The Wine & Agricultural Trade Association (WIETA) has more than doubled its membership over the past year, as local producers continue to seek accreditation for fair labour practices on their farms and in their cellars. WIETA is a voluntary, non-profit organisation. It promotes ethical trade in the wine industry value chain with its code of good practice. Stakeholders include producers, retailers, trade unions, government and NGOs.
CEO of WIETA
WIETA CEO Linda Lipparoni said the organisation's membership had risen to 911 producers for the year to March 31, 2014, up from 450, 12 months' previously. She attributed the rise to the growth in consumer demand for goods from producers who followed ethical labour practices. "Globally, more shoppers want to support producers who treat their workers fairly. This in turn has impacted on retailers who are increasingly calling for their suppliers to demonstrate their credentials in this regard."
Sweden, for example has made WIETA accreditation a condition for some tenders submitted by South African producers to its state-run retailer, Systembolaget. Last year, when Systembolaget's chairperson, Dr Cecilia Seidegård, and its CE, Magdalena Gerger, came to South Africa they told producers they considered it a priority to promote a supply chain that was fair and honest towards people and the environment.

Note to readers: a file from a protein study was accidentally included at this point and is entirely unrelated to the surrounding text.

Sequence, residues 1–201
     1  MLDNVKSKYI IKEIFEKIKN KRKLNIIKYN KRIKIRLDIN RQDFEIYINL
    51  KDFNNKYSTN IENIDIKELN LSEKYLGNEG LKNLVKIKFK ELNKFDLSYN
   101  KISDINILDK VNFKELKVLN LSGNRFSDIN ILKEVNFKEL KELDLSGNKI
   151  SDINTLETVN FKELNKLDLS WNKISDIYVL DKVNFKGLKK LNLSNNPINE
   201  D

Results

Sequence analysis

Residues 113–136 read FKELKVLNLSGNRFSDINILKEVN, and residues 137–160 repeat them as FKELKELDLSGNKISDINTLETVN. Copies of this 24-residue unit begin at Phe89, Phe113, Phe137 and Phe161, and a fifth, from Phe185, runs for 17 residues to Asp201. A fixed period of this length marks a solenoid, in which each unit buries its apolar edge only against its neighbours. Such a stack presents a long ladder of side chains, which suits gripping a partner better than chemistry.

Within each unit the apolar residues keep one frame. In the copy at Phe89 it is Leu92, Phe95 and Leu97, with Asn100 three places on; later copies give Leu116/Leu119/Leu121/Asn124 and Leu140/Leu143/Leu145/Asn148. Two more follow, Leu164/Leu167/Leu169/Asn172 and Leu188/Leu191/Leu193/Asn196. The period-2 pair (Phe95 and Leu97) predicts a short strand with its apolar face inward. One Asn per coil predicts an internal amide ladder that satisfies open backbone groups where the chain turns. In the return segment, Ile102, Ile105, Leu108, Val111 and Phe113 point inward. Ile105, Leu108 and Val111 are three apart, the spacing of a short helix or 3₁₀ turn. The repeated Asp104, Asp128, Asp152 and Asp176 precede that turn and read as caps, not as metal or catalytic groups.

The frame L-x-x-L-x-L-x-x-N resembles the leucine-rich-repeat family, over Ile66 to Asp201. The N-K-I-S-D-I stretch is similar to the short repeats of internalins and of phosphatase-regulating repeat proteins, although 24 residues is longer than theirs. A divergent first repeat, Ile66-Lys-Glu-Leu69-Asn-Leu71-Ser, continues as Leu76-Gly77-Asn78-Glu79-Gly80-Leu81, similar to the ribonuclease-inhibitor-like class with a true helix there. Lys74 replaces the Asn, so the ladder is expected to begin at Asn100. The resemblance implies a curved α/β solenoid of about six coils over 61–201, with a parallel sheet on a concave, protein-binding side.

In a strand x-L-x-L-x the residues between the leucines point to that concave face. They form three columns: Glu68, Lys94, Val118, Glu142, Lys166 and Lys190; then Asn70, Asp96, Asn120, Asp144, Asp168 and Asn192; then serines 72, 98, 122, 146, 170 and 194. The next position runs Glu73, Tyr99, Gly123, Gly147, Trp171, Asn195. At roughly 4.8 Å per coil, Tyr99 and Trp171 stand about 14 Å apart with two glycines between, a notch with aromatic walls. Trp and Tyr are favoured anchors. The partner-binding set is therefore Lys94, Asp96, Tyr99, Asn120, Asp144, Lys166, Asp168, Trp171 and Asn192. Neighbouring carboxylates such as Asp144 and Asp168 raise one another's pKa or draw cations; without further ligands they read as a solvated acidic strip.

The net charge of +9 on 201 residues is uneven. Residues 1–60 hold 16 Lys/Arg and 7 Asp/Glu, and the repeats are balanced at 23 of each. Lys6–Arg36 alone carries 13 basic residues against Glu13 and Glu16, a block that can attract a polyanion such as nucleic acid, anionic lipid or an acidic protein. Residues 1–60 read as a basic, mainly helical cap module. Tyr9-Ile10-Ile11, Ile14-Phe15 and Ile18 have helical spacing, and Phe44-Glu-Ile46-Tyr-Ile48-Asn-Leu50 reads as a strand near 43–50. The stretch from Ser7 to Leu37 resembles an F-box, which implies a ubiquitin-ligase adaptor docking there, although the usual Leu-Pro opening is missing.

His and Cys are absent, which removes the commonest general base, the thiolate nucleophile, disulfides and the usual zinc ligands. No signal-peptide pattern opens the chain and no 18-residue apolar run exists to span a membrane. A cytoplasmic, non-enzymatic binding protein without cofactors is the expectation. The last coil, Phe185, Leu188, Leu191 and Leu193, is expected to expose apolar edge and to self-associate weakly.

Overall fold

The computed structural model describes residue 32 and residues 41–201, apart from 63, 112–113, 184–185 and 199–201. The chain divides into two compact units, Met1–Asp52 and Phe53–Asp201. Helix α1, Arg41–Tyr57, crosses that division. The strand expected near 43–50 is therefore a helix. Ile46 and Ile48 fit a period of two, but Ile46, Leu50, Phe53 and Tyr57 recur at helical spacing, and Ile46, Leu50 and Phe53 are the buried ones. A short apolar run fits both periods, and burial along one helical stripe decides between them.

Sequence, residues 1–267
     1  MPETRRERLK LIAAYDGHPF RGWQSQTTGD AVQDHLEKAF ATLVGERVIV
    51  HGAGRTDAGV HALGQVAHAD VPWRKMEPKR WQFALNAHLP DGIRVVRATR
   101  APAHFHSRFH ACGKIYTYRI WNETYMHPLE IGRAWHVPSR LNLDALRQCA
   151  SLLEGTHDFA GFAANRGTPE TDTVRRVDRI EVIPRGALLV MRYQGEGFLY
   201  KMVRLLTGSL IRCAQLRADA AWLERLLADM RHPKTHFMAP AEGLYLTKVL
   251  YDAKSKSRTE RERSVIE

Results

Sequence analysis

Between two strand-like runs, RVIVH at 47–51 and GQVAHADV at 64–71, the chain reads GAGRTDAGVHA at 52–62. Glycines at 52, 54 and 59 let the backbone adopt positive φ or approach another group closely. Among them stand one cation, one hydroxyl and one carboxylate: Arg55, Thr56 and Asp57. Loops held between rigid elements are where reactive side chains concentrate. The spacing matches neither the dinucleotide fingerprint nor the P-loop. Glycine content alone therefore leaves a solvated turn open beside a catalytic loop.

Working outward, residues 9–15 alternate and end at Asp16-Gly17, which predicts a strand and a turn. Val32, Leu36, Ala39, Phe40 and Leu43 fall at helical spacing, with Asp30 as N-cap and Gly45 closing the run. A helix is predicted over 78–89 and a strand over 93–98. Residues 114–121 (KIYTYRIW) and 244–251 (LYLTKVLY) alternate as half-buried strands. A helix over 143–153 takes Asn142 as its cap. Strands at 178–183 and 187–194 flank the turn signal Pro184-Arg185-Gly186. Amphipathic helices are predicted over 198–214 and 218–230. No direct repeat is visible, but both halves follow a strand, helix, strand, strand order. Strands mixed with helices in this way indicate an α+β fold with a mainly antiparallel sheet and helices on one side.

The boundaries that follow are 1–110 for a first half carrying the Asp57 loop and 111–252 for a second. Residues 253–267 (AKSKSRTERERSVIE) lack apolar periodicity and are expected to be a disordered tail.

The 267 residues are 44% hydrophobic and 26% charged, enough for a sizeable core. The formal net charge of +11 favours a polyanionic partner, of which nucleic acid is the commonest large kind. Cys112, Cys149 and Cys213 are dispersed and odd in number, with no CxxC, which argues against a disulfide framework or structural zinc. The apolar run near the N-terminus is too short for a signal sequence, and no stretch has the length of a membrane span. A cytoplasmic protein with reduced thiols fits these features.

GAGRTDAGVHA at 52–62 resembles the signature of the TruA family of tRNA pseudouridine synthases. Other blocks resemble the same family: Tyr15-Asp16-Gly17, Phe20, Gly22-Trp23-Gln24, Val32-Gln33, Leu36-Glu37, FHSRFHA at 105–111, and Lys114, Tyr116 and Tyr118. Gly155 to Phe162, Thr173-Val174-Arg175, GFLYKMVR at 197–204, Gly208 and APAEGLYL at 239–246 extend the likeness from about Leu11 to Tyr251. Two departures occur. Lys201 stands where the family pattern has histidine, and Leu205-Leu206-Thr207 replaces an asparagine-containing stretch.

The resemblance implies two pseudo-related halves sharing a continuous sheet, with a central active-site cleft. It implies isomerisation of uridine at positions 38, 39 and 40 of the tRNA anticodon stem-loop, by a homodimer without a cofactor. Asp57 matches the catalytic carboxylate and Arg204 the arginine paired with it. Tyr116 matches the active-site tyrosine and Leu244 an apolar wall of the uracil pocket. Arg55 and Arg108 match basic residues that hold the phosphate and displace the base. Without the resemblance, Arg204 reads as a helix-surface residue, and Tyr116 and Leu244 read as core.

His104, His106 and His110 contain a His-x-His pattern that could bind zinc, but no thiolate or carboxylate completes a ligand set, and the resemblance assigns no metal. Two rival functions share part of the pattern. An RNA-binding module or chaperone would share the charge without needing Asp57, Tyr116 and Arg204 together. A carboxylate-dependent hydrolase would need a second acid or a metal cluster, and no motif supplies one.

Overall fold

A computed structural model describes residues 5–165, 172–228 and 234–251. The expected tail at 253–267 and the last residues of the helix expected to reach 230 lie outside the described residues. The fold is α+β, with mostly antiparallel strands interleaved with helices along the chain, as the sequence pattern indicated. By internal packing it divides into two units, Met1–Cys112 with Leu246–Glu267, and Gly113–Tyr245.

According to Wines of South Africa (WOSA) CEO, Siobhan Thompson, South Africa is Sweden's biggest source of New World wines and its second biggest supplier overall. The country is one of the industry's top five export destinations. Lipparoni said the country's major producers such as Distell, DGB and KWV, who accounted for most of South Africa's wine export volumes, were all WIETA members. They were also working with their own suppliers to achieve compliance and attain membership.
"These industry leaders are setting a very positive precedent, " said Thompson. "The more producers achieve accreditation, the stronger South Africa's reputation as an ethical wine-producing nation."
Lipparoni said Stellenbosch was best represented amongst all wine-producing regions with the highest number of WIETA members, followed by the Swartland, then Robertson, Paarl, the Breedekloof, Worcester and the Overberg.
With the growing number of leading international retailers subscribing to the Global Social Compliance Programme (GSCP), WIETA was also taking steps to benchmark its code and audit methodology against this organisation, she added.
The GSCP, which has members across the UK, Europe, the US and even Japan, is a business-driven programme established in 2006 for the ongoing improvement of working and environmental conditions in global supply chains.
"We are enhancing WIETA's credibility by linking with a global programme supported by the likes of Walmart, Tesco, M&S and Coop. It demonstrates that our criteria stand up to global best practice. We believe it will also help South African producers wanting to trade with these retailers."